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Le Chameau from France

When your interest in rubber boots grows, and you start looking past the obvious Hunter rainboots, you will quickly find out there are a ton of different brands producing all types of rubber boots. One of those brands is Le Chameau from France. While this brand was established over 90 years ago, in 1927, it stayed below my radar for an obvious reason: the rubber boots they produce are mostly marketed as functional boots for farmers, hunters, and fishermen, as shown by an advertisement from the brand below.

le chameau advertisement rubber rain boots

The brand finds its origin with Claude Chamot who took notice of the problems workers in the French countryside experienced: wet feet and no quality boots available to keep them dry and comfortable. He established a workshop to produce the first rubber boots, completely made by hand, in 1927 and the boots quickly became loved by his customers. Not before long the boots were sold all over France.

le chameau rubber rain boots hunter

Unlike other brands producing rainboots for decades, Le Chameau has stayed true to its origin as can be seen on their social media pages. When you take a quick look at their Instagram page you will notice the predominance of countryside pictures with forests, creeks, mud, dogs, small villages, and a lot of autumn leaves. This fits perfectly with the intended audience for their boots: farmers, hunters, fishermen, and the general country folks.

le chameau instagram social media general overview

While I love how they stay loyal to their origins, it makes it very difficult to combine their rubber boots into a fashionable urban outfit. Basically all their boots are in darker colors, green, brown and black, and with a very functional look. It would be difficult to combine these rubber boots with a pair of trendy jeans, and fitted coat, and some fashionable accessories. Unless you are going for a countryside look, the range on offer has little for the average urbanite.

That is not to say you should write off the brand completely. The rubber boots of Le Chameau are generally known for their overall quality and comfort, with each boots given 2 years of warranty and being produced from start to finish by a single person. For those looking for waterproof footwear for functional use these boots are still highly recommended, although the price of the boots might make you reconsider if you will have enough opportunities to justify the purchase. Below a pair of Le Chameau boots costing 360 British pounds.

The high price of the Le Chameau boots is partly explained by the amount of manual labor required to produce one pair of boots. To limit these costs the production of rubber boots has been moved completely to Morocco in 2016 where the company can profit from lower labor costs. But does this move jeopardize the quality of the boots as it did for Hunter when they moved the production to China? The answer would be “no”, as the production of Le Chameau boots has been split between France and Morocco since 1949 already. By closing the production facilities in France the brand steps away from its “Made in France” heritage, but quality-wise a customer should notice no difference.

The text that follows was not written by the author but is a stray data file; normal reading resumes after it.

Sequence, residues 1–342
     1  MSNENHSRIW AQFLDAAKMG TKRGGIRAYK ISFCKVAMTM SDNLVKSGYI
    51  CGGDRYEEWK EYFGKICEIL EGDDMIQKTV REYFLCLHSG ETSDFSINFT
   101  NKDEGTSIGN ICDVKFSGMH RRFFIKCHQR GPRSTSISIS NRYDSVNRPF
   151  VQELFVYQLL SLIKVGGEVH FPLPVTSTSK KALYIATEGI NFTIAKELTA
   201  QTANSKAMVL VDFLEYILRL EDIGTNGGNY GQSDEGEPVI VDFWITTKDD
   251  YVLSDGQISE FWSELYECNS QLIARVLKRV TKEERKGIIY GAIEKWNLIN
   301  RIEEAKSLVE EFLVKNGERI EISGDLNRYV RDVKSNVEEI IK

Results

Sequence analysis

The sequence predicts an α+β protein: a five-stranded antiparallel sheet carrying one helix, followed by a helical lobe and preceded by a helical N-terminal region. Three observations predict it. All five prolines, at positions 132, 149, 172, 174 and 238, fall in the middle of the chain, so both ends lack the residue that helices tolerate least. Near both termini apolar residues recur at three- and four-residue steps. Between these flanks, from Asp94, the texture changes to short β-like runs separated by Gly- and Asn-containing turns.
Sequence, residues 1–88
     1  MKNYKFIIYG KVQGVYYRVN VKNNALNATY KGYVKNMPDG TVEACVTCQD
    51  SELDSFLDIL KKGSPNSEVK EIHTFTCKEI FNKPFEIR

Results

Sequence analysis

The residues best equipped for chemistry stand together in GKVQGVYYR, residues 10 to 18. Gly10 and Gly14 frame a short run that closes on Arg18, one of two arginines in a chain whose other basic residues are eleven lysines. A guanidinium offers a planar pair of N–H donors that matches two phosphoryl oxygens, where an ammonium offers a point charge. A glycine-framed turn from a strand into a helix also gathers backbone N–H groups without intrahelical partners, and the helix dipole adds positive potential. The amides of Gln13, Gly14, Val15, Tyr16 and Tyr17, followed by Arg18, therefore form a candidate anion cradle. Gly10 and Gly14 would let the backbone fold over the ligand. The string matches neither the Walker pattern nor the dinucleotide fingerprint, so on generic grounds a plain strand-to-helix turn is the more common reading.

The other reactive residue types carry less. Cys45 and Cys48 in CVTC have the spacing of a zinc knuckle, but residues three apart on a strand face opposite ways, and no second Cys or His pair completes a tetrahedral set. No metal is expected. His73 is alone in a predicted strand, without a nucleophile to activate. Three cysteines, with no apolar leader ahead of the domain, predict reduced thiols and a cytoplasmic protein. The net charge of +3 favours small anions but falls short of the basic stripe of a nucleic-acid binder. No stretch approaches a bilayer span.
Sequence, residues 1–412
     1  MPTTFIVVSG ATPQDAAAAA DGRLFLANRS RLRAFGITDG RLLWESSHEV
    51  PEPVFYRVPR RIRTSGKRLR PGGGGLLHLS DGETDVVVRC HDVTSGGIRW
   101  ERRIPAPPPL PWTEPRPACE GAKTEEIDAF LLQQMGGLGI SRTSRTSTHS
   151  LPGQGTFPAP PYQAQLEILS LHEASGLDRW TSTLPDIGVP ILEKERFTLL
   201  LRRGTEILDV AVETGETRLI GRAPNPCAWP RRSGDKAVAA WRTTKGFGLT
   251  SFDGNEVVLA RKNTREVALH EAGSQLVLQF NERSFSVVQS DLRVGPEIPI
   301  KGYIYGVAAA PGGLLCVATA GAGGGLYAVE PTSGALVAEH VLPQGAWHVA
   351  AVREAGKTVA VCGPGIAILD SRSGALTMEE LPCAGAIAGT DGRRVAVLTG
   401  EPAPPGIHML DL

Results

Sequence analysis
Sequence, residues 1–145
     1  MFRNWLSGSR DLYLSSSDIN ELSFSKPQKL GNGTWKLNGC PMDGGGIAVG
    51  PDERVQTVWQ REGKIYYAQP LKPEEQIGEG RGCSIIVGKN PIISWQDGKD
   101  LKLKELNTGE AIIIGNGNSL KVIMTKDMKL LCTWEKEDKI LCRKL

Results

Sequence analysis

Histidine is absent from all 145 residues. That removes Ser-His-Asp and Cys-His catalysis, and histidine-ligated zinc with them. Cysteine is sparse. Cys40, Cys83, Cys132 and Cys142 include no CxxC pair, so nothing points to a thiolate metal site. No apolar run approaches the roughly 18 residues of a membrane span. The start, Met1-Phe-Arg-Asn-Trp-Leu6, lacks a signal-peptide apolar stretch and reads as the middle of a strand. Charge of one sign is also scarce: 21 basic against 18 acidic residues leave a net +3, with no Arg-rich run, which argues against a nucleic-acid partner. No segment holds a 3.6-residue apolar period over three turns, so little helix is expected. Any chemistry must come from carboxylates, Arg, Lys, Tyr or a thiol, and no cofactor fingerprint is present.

While many companies try to leverage their cultural heritage and water down their brand by producing a large range of products to leverage their brand name, like Hunter does with the production of a range of items, you should not expect Le Chameau to follow in these footsteps. The company has indicated the focus stays on their original clientele, with which they have established an excellent reputation. So don’t expect any brand stores coming to you anytime soon, or a complete range of clothing, bags, and party boots.

{ 2 comments… add one }
  • Tadhg February, 2021, 11:55 pm

    It shouldn’t be forgotten that, as a brand, Le Chameau actually lost money for its previous French owner, the LAFUMA Group. That was the reason for its sale in 2012 to a British investment group called Marwyn Partners for around £15 million.

    It was Marwyn which brought in the British management obsession with cost-cutting, first alienating the remaining French workforce and then finally closing the French workshop altogether by 2015.

    I would take issue with your assertion that the concentration to 100% Moroccan production does not jeopardise quality, as there have already been reports of boots failing in about 2 years. Certainly when I compare my 2015-made pair of Vierzonords with my older pair made in 2003, there is a definite difference – the 2003 pair is thicker and more substantial, whilst the 2015 pair is thinner and the leg shafts are much floppier. This can be put down to either one or both of two things:

    a. a change in the rubber formulation; and/or
    b. a change in measurement and thickness of the rubber sheet used for construction

    The same applies to comparison between my Deltanord waders produced before 2012, compared to my other pairs of Deltanords produced after that year – there are clear changes in the model specification and appearance.

    The Moroccans do a decent job, but ultimately they have to follow the constraints and diktats laid down by British management which is corrosive at the best of times, and disastrous at worst.

    Although Le Chameau is much better publicised today, it has come at a cost, and it is still reported to be losing money for Marwyn which has considered selling it on in the last couple of years.

    • Sanne March, 2021, 4:54 am

      Very interesting, I will have to look deeper into this when I will rewrite the article as I hadn’t heard this before about this specific brand. It seems almost all boot brands are trying to cut costs by cutting corners these days.

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